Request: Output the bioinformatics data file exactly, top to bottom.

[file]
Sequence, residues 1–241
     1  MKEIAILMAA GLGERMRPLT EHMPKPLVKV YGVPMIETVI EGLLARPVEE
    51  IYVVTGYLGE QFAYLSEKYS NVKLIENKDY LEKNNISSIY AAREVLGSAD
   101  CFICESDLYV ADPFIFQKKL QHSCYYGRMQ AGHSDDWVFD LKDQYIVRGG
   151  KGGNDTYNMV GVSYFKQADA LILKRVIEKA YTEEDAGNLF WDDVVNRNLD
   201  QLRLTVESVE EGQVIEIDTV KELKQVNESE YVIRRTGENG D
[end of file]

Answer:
Sequence, residues 1–241
     1  MKEIAILMAA GLGERMRPLT EHMPKPLVKV YGVPMIETVI EGLLARPVEE
    51  IYVVTGYLGE QFAYLSEKYS NVKLIENKDY LEKNNISSIY AAREVLGSAD
   101  CFICESDLYV ADPFIFQKKL QHSCYYGRMQ AGHSDDWVFD LKDQYIVRGG
   151  KGGNDTYNMV GVSYFKQADA LILKRVIEKA YTEEDAGNLF WDDVVNRNLD
   201  QLRLTVESVE EGQVIEIDTV KELKQVNESE YVIRRTGENG D